IBM CEO Sam Palmisano tells the WSJ that Hurd hurt HP by cutting its R&D budget, and that it's Hurd's new employer, Oracle, that will be IBM's biggest challenge.
Sam Palmisano is keeping his eye more on Oracle now than Hewlett-Packard.
In an interview with the Wall
, Palmisano said that during former CEO
Mark Hurd's five-year tenure, HP was hurt by sharp cuts in its R&D budget,
and that the company was declining in relevance.
He said that it is Oracle, and not HP, that will be IBM's
most formidable competitor in the upcoming years, due to CEO
Larry Ellison's continued investment in the company's technology.
Palmisano also criticized HP's board of directors for giving
Hurd a massive severance package last month after forcing the CEO
IBM and HP have been
competitors in a growing number of areas, from servers and storage to services
and management software. However, during his five years as CEO,
Hurd slashed the company's R&D budget, a move that weakened the company and
forced it to buy other vendors to expand its portfolio rather than create from
within, Palmisano said, adding that he doesn't worry about HP anymore.
As an example, he pointed to the recent bidding
war between HP and Dell
for storage software vendor 3Par, which HP
eventually landed earlier this month for $2.35 billion.
"HP used to be a very inventive company," Palmisano
told the WSJ, indicating that he thought the company vastly overpaid for 3Par.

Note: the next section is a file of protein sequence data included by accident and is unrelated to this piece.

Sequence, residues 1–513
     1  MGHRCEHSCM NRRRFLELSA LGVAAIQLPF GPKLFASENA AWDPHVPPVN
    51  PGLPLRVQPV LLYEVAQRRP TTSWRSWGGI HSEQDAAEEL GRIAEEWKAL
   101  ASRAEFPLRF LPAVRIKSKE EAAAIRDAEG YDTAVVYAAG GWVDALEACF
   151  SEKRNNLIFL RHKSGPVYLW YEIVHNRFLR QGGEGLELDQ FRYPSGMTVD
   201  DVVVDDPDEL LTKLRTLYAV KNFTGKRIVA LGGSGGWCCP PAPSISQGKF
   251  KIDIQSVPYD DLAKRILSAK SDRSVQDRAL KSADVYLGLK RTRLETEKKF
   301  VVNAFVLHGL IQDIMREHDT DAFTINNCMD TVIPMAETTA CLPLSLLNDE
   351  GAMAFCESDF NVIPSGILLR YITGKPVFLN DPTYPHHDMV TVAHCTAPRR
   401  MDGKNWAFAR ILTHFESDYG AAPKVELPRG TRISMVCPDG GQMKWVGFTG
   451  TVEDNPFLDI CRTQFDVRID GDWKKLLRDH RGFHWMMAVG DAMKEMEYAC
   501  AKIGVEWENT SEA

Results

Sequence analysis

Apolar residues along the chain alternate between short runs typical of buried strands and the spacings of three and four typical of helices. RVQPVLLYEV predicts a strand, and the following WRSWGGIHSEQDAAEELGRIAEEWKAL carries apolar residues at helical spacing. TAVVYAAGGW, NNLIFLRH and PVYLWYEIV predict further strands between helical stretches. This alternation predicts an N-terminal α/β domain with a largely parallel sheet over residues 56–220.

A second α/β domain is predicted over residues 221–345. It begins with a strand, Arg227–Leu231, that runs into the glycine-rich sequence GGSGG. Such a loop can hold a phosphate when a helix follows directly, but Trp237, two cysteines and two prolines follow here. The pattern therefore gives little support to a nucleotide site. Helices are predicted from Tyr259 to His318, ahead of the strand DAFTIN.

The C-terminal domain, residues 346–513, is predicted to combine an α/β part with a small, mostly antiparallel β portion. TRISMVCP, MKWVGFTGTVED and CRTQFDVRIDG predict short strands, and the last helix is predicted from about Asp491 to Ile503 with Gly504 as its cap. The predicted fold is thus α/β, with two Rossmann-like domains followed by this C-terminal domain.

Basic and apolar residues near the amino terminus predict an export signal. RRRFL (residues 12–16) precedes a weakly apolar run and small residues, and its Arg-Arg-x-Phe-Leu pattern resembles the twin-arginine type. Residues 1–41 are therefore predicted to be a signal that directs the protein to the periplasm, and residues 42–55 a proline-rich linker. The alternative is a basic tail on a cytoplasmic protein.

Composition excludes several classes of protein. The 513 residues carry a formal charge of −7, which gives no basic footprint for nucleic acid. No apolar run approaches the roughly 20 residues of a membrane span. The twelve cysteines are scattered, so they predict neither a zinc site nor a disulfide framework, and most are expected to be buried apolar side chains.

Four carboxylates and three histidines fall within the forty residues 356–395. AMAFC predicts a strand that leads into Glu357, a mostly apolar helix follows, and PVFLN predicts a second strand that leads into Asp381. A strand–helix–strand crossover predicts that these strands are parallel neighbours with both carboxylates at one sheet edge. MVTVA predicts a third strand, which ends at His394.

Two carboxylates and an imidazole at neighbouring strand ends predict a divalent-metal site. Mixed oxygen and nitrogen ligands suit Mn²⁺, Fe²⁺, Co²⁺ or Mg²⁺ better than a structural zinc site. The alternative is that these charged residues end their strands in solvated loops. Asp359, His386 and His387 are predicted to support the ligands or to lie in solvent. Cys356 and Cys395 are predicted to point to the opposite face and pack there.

"[HP] had no choice. Hurd cut out all the research and development."
According to the WSJ, during Hurd's tenure, HP's R&D budget
was reduced from 4 percent to 2.5 percent of its budget. IBM
has kept its R&D investment at 6 percent of its budget.
Palmisano also criticized the HP board for giving Hurd a
severance package of about $35 million after he resigned under pressure last
Hurd was accused of sexual harassment by a former HP
contractor, and while an internal investigation found no proof to back up the
claim, it did uncover that Hurd had fudged expense reports to cover up his
personal relationship with the woman.
A month after resigning, Hurd was hired by Oracle to be
has sued Hurd
to keep him from taking the job, claiming that in that
position, he would violate the conditions of his severance agreement.
"That is not a good use of shareholder money," Palmisano
said in the interview. "It was not handled in the best interest of
Regarding Oracle, he said Ellison's company will become IBM's
largest rival in the future. IBM and Oracle
compete in such areas as databases software, and now that Oracle has bought Sun
Microsystems for $7.4 billion, that competition will bleed over into such areas
as servers and storage.
Ellison and other Oracle executives believe that the tight
integration of their software on Sun hardware will pose a challenge to IBM.